How do you measure buy to let against other investments?

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    How do you measure buy to let against other investments?

    Say i have a 200 k house with 100k mortgage at 2%.
    I consider re mortgaging back up to 75% to release 50k and buy another house at 200k. Therefore 25% deposit on each.
    Say I get 10k a year in rent.
    A gross yield of 20% on my 50k? Or 5% on the 200k?
    plus possibility of capital appreciation, but lets ignore that for now.
    Am i along the right lines here?

    #2
    May I direct you to the Internet and google”

    How can I work out the real-life rental yield on my buy-to-let - and whether the investment is worth it?,

    This will give you multiple explanations but one of the best is located on This is my Money.

    Comment


      #3
      Have you a link to this please

      Comment


        #4
        You work out your total worth at timepoint A and compare it with your total worth at timepoint B

        (taking account of taxation regimes, loss of interest on capital).

        Everything else is a nonsense

        which is why you see ludicrous comments on fora such as this where property owners say things like

        "I don't care whether property prices fall because I don't plan to sell"

        or

        where taking a 10% mortgage on a £300K property you get fanciful yields of 30% taking the mortgage amount as denominator and ignoring loss of alternative potential income on the other 90%.

        Comment


          #5
          Just cut and paste the words and the google search will deliver the results.
          Currently out of office so best I can offer at the present.

          Comment


            #6
            I like to work out my ROCE it appeals to my vainer side.
            "I'm afraid I didn't do enough background checks apart from checking her identity on Facebook" - ANON

            What I say is based on my own experience and research - Please don't take as gospel without first checking the gospel yourself.

            Comment


              #7
              http://www.thisismoney.co.uk/money/b...alculator.html

              but that's way too simple a calculator to give you anything but a very vague estimate of your best possible return. There are all sorts of things that will eat into your profits and lower that yield, and it's very tempting to not be entirely honest with yourself (or others) about what the actual yield really is once everything is taken into account.

              In any case, the question you asked in your title really has no relevance to this unless you are considering things in purely financial terms (which is arguably foolish). Property has a hell of a lot more uncertainty than, say, govt bonds, or other financial investments where you simply shut money away and then hope it increases in value. At least those don't call you in the middle of the night with burst pipework.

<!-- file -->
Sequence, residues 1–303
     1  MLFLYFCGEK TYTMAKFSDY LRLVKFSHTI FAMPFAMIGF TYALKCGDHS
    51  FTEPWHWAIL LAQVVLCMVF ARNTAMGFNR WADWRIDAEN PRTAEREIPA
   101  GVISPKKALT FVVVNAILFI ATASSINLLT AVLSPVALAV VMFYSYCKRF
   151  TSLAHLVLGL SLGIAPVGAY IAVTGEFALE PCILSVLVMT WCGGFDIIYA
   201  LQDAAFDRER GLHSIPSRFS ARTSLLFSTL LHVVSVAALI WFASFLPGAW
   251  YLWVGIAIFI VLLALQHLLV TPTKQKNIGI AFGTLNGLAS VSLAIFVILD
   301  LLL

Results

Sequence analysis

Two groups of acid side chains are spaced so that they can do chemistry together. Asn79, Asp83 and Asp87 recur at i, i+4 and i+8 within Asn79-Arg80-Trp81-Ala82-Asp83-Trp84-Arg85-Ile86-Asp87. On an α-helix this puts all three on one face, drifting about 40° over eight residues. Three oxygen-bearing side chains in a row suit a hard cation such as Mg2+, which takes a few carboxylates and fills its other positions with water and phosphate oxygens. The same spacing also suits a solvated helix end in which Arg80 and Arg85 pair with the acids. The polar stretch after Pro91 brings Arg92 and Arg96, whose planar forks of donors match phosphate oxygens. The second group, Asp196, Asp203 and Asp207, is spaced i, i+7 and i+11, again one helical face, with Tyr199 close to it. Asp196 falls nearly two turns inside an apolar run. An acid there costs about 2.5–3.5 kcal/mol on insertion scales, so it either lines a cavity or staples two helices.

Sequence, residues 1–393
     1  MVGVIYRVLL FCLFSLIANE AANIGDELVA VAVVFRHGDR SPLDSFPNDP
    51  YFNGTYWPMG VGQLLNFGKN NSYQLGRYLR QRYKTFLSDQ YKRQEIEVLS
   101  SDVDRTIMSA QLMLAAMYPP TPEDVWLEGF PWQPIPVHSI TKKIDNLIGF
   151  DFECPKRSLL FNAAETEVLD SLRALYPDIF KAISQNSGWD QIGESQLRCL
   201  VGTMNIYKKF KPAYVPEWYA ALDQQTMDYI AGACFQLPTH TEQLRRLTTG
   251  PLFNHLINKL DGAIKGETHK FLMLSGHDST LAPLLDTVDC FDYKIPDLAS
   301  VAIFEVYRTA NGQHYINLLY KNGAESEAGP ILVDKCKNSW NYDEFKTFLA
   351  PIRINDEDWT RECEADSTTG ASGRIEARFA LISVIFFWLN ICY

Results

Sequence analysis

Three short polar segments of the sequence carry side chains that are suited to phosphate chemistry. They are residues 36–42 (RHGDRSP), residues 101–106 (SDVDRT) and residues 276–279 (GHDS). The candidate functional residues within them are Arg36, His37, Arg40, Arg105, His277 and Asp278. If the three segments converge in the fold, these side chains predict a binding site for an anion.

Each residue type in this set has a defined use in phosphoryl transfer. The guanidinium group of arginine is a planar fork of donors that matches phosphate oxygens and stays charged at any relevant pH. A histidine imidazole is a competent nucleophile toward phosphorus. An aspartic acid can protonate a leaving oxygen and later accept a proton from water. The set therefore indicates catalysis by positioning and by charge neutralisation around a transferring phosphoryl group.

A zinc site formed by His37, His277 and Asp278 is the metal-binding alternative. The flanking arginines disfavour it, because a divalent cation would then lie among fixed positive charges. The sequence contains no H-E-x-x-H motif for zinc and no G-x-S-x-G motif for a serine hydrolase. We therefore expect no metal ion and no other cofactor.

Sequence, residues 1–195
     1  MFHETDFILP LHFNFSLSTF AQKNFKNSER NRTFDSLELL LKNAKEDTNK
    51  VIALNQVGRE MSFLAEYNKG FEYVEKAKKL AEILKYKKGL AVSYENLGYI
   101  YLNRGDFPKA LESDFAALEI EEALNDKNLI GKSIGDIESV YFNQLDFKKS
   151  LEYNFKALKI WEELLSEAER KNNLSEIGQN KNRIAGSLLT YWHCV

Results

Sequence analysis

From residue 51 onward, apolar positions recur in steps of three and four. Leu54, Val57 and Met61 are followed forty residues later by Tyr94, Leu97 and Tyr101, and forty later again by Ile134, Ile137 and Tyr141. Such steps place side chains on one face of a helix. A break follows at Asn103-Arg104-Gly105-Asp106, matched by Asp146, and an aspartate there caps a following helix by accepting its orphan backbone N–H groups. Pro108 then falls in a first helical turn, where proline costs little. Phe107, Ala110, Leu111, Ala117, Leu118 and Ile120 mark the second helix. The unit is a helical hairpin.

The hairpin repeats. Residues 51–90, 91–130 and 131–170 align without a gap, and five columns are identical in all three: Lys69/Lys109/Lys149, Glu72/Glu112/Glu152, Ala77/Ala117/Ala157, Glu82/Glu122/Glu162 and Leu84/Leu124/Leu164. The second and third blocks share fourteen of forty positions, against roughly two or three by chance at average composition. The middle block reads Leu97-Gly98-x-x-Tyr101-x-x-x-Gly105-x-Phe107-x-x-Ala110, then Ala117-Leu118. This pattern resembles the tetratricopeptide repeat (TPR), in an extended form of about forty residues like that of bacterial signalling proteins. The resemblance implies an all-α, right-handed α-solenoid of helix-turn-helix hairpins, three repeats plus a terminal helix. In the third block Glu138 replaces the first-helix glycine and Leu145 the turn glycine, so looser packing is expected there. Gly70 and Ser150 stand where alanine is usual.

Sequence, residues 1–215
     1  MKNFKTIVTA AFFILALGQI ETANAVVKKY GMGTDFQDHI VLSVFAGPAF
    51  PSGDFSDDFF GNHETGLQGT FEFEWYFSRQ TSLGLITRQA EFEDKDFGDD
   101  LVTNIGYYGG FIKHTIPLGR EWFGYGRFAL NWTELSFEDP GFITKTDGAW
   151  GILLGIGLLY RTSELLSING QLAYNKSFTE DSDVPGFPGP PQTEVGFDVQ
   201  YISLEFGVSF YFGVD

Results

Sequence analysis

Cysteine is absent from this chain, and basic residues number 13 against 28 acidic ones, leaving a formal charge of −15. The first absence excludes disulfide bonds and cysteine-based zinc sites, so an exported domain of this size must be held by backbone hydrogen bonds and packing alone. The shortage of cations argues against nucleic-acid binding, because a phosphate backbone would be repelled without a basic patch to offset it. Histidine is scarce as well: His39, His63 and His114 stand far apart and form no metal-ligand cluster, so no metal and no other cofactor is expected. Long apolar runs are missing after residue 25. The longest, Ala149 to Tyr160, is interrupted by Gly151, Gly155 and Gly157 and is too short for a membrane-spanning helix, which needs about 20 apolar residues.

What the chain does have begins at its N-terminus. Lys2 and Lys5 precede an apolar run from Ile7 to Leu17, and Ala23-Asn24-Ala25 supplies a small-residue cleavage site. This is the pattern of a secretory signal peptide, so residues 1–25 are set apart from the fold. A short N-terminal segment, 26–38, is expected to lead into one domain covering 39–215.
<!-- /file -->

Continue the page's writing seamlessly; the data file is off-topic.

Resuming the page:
OTOH, property is a lot more tangible and controllable than finance locked away in a 5 year structured product. And the market is often a lot easier to engage with as an independent investor.

              You might as well ask yourself how long your own piece of string is...

              Comment


                #8
                Different investments perform differently at different times. The returns vary, the risks vary, the workload needed varies.

                Spread your money about (at least 3 different areas). Some risky (better returns) , some not.

                You never know if any one thing was a good idea or not until you finally sell it (or die 1st)
                I am legally unqualified: If you need to rely on advice check it with a suitable authority - eg a solicitor specialising in landlord/tenant law...

                Comment


                  #9
                  Yield = what return you get on the purchase vs rent. 100k house rents for 10k then you have a gross yield of 10%. If insurance, management, bills, repairs average 4k per annum then you have a net yield of 6k or 6%. This is obviously not including capital growth. ROCE = the total return on the amount of cash you put in

                  Comment


                    #10
                    Originally posted by AndrewDod View Post
                    You work out your total worth at timepoint A and compare it with your total worth at timepoint B

                    (taking account of taxation regimes, loss of interest on capital).

                    Everything else is a nonsense

                    which is why you see ludicrous comments on fora such as this where property owners say things like

                    "I don't care whether property prices fall because I don't plan to sell"
                    I am sorry but I have to disagree. Total worth is probably the most common target when investing in property, but there is another - income. When I lost my job in 2013 my aim was to provide enough income for me to live on until my pensions were due. So I bought properties I expected to have good yields but probably little capital growth. I knew that long term this would make less than going for properties likely to get capital growth but lower yields, but in the short term I needed the income. I tried to protect myself from falling prices by adding value by refurbing the first two properties I bought. Small falls would not have bothered me but I hoped they would keep up with inflation. long term. As it happens I have had good rises in the last year but that doesn't do much for me. It is still the income that matters.

                    Comment

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